With other other apparitions and supernatural phenomena, bishops rely on the testimony of the visionary and compare it to church teaching, “but there is no scientific way to actually show that something supernatural is happening,” he said. “In the case of Akita, you have a weeping statue that they were able to investigate and validate that it was having human tears and human blood.”

The Akita events are unique in that they are often categorized with Marian “apparitions,” but the approved phenomena describe Mary speaking through the statue, O’Neill said. And, he pointed out, Sister Agnes is still alive, now in her early 90s.

In May 1974, seven months after Mary’s final message to Sister Agnes, her guardian angel told her she would regain her hearing, and she did, temporarily, on Oct. 13 of that year, the message’s anniversary. In May 1982, she again regained her hearing, this time permanently.

Other miracles have been reported in association with Our Lady of Akita, including the healing of a Korean woman from terminal brain cancer in 1981.

Author Janice T. Connell and her husband, Edward, both attorneys, traveled to Akita in 1991 at the invitation of Bishop Ito, who had retired 1985. The trip was squeezed in amid other travel in Asia, and the Connells described remarkable events in the course of their journey and single overnight visit that they attribute to supernatural intervention.

Connell writes about their experience in “The Secrets of Mary: Gifts from the Blessed Mother” (2009), and about Our Lady of Akita in general in “Meetings with Mary: Visions of the Blessed Mother” (1995). According to her report of Sister Agnes’ miraculous experiences, the nun not only heard Mary speak from the statue, but she also experienced a vision of the Virgin Mary, first while recuperating at a hospital four years before joining the convent, and later in the convent itself.

Connell said that during her 1991 visit, she and Edward spoke with Sister Agnes for two hours. She had wanted to ask Sister Agnes about the “fire falling from the heavens” in Mary’s second message, but the visionary “didn’t want to focus on chastisements. She wanted to focus on the real presence of Jesus in the Eucharist,” Connell told OSV News June 27.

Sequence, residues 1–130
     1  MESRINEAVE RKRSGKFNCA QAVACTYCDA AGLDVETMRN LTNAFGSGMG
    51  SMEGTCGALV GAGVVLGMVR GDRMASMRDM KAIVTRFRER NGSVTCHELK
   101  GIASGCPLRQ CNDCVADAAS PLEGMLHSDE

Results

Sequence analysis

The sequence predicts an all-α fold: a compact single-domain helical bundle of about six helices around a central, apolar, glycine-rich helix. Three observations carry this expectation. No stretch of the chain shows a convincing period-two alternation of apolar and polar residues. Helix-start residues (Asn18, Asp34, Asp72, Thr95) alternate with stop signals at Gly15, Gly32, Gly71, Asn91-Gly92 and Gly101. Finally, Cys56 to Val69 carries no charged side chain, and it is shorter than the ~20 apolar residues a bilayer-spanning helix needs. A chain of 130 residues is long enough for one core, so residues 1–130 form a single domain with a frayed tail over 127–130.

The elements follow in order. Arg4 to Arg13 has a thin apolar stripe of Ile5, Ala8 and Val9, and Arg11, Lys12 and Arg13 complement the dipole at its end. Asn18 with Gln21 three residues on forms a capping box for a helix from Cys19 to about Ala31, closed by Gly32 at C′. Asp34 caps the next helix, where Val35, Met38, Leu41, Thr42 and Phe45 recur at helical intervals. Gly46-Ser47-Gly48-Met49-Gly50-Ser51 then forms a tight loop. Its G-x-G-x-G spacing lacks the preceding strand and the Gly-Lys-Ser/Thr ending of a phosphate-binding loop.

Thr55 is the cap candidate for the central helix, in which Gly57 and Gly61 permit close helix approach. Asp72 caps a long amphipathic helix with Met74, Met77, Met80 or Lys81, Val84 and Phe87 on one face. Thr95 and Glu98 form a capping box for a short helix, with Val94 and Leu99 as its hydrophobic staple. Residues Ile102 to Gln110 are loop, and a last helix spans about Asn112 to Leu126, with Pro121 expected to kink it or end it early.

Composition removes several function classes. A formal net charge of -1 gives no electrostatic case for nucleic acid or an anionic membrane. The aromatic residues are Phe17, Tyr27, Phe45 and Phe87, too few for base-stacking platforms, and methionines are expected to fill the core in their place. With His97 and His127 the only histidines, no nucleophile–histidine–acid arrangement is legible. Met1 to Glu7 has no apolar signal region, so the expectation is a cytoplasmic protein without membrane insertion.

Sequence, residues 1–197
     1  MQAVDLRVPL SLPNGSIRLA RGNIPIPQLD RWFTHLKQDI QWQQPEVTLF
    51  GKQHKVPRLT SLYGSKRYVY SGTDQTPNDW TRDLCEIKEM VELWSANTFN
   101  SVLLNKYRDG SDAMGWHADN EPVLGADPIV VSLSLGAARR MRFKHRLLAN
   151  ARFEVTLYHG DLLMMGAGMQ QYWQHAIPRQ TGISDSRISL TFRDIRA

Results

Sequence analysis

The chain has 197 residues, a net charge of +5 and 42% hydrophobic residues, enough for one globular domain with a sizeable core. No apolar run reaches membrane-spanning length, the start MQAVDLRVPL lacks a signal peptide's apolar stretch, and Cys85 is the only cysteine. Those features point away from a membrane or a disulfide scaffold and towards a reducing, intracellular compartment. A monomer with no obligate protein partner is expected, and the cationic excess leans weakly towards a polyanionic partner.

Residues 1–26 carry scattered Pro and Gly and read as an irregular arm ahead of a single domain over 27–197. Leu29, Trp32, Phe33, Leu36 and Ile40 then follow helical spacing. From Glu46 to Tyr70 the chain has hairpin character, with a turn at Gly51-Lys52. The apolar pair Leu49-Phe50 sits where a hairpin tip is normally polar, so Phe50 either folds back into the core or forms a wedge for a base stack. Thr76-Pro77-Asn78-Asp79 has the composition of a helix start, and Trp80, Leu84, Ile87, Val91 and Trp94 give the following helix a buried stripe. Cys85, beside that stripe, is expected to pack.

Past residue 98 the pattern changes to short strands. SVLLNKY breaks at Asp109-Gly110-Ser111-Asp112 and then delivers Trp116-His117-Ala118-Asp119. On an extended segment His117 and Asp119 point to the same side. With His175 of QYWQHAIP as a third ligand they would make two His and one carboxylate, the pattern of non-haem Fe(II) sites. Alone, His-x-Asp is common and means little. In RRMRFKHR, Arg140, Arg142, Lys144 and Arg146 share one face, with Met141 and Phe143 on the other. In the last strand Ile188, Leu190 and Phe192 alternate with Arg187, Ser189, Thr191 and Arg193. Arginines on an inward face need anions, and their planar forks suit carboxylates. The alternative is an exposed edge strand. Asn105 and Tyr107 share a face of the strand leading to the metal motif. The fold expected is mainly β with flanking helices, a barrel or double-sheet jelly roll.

While the Connells have traveled to other Marian shrines, Akita “is one of the most amazing places we’ve ever been in our lives,” Connell said. “It’s made me understand how incredibly privileged and blessed I am to have a relationship with Our Lady and to know her Son in the Eucharist.”

Many observers have drawn connections between the speaking statue and other mystical phenomena, especially the apparitions of Our Lady of Fatima in 1917, and the alleged (but unapproved) apparitions of the Lady of All Nations in postwar Amsterdam.

The Akita statue’s final locution was Oct. 13, the anniversary of the Miracle of the Sun, when thousands gathered near Fatima, Portugal, to witness a promised miracle, and reported seeing the sun “dance,” or move throughout the sky. Some have drawn parallels in Mary’s messages at Fatima and Akita asking for reparation for sins and warnings of future turmoil in the world.

The statue itself — an image of Mary standing on a globe in front of a cross — was carved in 1963 by an Akita artisan and modeled after the Lady of All Nations, reported apparitions of Mary by a Dutch woman between 1945 and 1959 in Amsterdam. While the “Lady of All Nations” image, title of Mary and prayer are approved, the reported apparitions themselves are not approved as supernatural phenomena by the bishop of Haar­lem-Am­ster­dam and remain controversial.

Fastiggi emphasized that Catholics are not required to believe in Marian apparitions, even those the church declares them “worthy of belief.”

The Catechism of the Catholic Church, in paragraph No. 67, says that “private revelations,” even one’s recognized by the church, are not part of “the deposit of the faith.” “It is not their role to improve or complete Christ’s definitive Revelation, but to help live more fully by it in a certain period of history,” it states. “Guided by the Magisterium of the Church, the ‘sensus fidelium’ knows how to discern and welcome in these revelations whatever constitutes an authentic call of Christ or his saints to the Church.”

While some could use Our Lady of Akita’s message to support complaints about the state of the church, especially with the message’s description of church leaders in opposition, Fastiggi said that reading would miss the mark.

“The message is not one of complaint but of peaceful action, and intercession and praying the rosary,” he said, emphasizing that Mary said to pray for the pope, bishops and priests. “The warning could be given to inspire us to be more faithful.”

He added, “People are losing faith. There’s much sin. So we need to return to the Eucharist. We need to pray the rosary. We need to intercede for the conversion of poor sinners. That’s the message, and that is as timely now as ever.”

Maria Wiering is senior writer for OSV News.